the last dying gasp of anonymity...
December 4, 2008 7:44 AM   Subscribe

What can I do to keep my location being found from emails sent to me?

I have a project that will require people to send me emails. I do not want the people sending the emails to find my location. Presently, I'm set up so that the email senders will send an email to a gmail account that will automatically forward all messages to a hushmail account.

I might not be able to use tor for this. Will it be possible for people to find where I am?

I should note that I'm not involved in anything illegal, and that I know that senders will be able to use subpoenas to find me through legal channels. I'm just trying to make sure that people can't find me through hacker channels.
posted by nushustu to Technology (10 answers total) 2 users marked this as a favorite
The only ways someone can tell where you are from reading emails is by using tracking images, or by requesting read receipts. If you configure your mail client to not automatically load images (Thunderbird does this by default), tracking images won't load. Read receipts can also be set to be ignored.
posted by zsazsa at 8:01 AM on December 4, 2008

I hope you're not using some variation of your username here, as your location is in your profile.
posted by desjardins at 8:11 AM on December 4, 2008 [2 favorites]

Additionally... if you just read the emails in the Gmail web interface, the best they could do is find the IP address of the Gmail server when you reply, or if a tracking receipt is sent as long as you make sure that images are set to not be displayed by default. You just need to be wary of attachments.
posted by rocketpup at 8:14 AM on December 4, 2008

Yeah, unless you're loading images in an email, (which sends a request to the server hosting the image, possibly revealing your IP address and thus, usually, your location) simply reading an email doesn't reveal anything to the original sender, whether it's through GMail or a traditional mail client. The servers holding your mail will know where you're coming from, but they won't ever report that data or make it available, and I'd consider GMail virtually "unhackable" in that respect.
posted by disillusioned at 9:39 AM on December 4, 2008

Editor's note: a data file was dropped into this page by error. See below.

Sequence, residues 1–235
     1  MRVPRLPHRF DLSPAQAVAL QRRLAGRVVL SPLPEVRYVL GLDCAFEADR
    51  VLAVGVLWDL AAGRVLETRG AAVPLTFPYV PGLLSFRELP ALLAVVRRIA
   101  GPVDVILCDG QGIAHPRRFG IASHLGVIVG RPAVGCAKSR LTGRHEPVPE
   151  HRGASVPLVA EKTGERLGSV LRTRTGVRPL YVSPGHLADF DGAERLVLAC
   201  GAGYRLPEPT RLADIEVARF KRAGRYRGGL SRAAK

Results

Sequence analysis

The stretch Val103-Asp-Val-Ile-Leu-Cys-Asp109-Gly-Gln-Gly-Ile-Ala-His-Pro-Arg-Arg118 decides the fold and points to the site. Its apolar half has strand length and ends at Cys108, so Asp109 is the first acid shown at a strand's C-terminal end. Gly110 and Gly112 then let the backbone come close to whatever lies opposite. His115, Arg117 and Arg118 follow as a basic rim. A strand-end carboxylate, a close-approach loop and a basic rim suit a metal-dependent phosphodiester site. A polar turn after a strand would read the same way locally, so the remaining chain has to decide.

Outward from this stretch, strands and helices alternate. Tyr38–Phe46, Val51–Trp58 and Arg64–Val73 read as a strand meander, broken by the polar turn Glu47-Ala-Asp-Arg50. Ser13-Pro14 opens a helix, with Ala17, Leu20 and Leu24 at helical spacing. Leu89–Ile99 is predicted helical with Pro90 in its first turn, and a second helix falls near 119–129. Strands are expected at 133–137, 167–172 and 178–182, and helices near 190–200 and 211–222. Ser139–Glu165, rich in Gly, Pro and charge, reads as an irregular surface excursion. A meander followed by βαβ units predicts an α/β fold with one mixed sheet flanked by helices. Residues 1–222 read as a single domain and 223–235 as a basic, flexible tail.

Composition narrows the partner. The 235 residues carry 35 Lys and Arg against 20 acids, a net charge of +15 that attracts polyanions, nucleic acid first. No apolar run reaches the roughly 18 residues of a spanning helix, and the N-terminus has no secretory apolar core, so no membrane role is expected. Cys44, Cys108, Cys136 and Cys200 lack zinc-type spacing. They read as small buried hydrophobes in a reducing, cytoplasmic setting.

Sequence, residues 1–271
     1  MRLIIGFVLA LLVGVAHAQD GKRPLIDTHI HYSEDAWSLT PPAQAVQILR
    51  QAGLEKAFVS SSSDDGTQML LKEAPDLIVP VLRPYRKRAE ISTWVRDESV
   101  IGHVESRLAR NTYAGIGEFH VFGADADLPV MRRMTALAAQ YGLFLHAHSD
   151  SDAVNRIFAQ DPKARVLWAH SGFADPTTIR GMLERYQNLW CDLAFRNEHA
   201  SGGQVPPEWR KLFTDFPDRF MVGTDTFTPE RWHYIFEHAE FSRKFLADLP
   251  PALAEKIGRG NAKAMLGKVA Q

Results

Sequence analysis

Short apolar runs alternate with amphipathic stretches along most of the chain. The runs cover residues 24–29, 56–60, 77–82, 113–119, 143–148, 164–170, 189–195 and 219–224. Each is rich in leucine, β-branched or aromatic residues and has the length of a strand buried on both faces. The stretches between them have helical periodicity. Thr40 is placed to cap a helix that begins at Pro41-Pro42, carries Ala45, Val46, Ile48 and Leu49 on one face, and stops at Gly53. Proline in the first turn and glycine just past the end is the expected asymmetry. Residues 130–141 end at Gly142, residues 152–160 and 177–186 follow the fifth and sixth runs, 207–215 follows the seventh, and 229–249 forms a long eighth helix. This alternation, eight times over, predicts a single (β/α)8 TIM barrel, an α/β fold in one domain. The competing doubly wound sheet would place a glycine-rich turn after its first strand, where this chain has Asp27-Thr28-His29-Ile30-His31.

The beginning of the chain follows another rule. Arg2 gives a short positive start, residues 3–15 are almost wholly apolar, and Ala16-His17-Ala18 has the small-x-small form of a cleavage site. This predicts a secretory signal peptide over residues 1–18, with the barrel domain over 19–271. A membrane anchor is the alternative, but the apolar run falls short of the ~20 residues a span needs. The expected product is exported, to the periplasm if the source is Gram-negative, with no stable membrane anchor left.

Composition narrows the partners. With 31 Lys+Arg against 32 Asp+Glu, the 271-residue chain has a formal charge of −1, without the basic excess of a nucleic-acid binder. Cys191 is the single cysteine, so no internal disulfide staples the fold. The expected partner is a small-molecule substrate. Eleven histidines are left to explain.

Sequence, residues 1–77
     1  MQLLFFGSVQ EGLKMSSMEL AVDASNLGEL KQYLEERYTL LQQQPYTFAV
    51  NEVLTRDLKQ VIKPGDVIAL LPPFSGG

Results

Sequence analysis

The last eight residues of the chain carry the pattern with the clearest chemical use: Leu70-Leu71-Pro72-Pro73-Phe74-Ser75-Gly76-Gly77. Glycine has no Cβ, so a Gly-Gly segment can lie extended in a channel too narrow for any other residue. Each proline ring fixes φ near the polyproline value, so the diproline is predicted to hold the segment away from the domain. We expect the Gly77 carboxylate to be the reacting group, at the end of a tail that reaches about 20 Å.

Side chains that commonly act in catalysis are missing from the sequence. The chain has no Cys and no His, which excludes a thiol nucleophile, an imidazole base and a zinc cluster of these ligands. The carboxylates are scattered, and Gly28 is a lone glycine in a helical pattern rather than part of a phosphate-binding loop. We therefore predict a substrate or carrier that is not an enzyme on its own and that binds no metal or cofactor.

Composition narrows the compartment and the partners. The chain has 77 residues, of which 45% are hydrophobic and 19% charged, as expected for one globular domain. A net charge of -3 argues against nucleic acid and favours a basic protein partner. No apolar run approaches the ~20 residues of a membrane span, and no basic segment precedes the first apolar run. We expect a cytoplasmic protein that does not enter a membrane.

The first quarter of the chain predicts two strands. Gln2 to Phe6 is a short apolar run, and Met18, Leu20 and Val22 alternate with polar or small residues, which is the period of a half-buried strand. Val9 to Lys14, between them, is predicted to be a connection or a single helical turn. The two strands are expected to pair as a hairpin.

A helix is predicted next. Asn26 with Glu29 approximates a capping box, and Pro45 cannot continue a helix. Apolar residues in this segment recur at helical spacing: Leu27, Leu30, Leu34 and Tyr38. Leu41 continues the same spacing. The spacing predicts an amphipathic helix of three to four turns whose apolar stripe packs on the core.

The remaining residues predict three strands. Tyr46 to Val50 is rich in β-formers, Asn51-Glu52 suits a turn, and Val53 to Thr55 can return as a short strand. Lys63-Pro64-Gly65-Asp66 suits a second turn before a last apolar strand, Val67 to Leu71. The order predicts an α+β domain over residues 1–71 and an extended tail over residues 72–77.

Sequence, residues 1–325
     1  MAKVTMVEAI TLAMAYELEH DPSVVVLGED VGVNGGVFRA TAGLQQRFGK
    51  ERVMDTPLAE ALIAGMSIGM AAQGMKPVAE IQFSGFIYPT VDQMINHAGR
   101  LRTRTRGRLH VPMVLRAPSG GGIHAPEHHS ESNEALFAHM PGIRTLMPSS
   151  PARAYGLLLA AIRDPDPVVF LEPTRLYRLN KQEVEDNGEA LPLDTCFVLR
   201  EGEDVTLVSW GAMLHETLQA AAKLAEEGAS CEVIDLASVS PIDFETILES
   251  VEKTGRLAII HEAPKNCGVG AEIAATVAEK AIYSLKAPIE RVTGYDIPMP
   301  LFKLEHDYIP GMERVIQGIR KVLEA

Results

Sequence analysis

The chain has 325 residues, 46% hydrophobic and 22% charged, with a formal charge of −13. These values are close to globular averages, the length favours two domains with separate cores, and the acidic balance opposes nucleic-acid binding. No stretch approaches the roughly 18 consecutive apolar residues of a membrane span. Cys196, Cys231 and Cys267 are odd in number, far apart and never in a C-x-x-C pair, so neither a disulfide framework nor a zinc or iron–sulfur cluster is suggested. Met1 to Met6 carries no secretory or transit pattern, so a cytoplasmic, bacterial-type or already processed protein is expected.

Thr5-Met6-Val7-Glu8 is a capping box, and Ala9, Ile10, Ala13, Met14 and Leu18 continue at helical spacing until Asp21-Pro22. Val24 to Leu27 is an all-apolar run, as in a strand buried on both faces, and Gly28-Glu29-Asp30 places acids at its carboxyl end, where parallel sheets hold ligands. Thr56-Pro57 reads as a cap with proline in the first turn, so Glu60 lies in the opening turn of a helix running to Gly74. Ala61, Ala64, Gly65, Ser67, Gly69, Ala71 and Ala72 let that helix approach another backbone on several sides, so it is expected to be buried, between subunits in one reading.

Best answer: I dont think thats true. If there is an embedded image in those emails then the IP reported back will be his computer, not gmail's server.

Just opening his gmail account may be a risk. Who knows what pre-fetching javascript madness they may be running. This can be tested somewhat with wireshark.

Even hushmail may have this issue. Im not sure how it handles tracking images.

What you should do is get a shell account someplace and open your email with pine or some other text-only viewer. It cant load tracking images and even if there was some trick the only thing they would get is the IP of the server, as pine truly runs remotely while webmail runs locally.

You could probably just configure pine to use gmail's pop server. You can get free or super cheap shell accounts anywhere.

Also, sending mail will reveal your client IP and email server IP. Some services suppress the client IP, like gmail, but why even take a chance? Do it via the shell account via ssh.

Lastly, if I wanted your location I would probably just send you a link to something project related hosted on one of my servers with some unique identifier and look at your IP. Perhaps tor can help you out here.
posted by damn dirty ape at 9:51 AM on December 4, 2008 [1 favorite]

Also, its worth mentioning that your IP isnt going to give anyone your home address. At best it will be traceable fuzzily to your state or region and perhaps your city.
posted by damn dirty ape at 10:03 AM on December 4, 2008

"Who knows what pre-fetching javascript madness they may be running."

I do, actually. There is none.

Read the emails from gmail (which won't load remote images without specific permission), reply from within the gmail interface, and take of the tin-foil hat.

Also IP address =/= Home Address.
posted by toomuchpete at 11:30 AM on December 4, 2008 [3 favorites]

Who knows what pre-fetching javascript madness they may be running.

Anybody who cares enough to disable/watch javascript, or use the HTML only interface?
posted by jacalata at 12:58 PM on December 4, 2008

If you used a web proxy to connect to your web mail account, that might throw off the scent.
posted by JuiceBoxHero at 5:54 PM on December 4, 2008

Try sending a few messages from the account you intend to use to a few recipients. From those recipients, get the full header of the message. You'll see at least one "Received:" line like the following:

Received: from ? ( []) by with ESMTPS id b8sm2538470rvf.3.2008. (version=TLSv1/SSLv3 cipher=RC4-MD5); Wed, 10 Dec 2008 20:55:44 -0800 (PST)

Read multiple Received lines from the bottom up. If you're able to note any identifiable information then the receiving end may be able to discern the origin of the message to some degree. In the example above, intentionally altered, one could use the ip address to find my city and if they were familiar enough or connected to the megacorpnet network they could locate my neighborhood.

Compare the Received lines of an email sent from a desktop client like Thunderbird and an email sent with a webmail application behind an anonymous proxy. Also, Google 'anonymous remailer' and experiment with emails sent through one of those.
posted by ezekieldas at 9:18 PM on December 10, 2008

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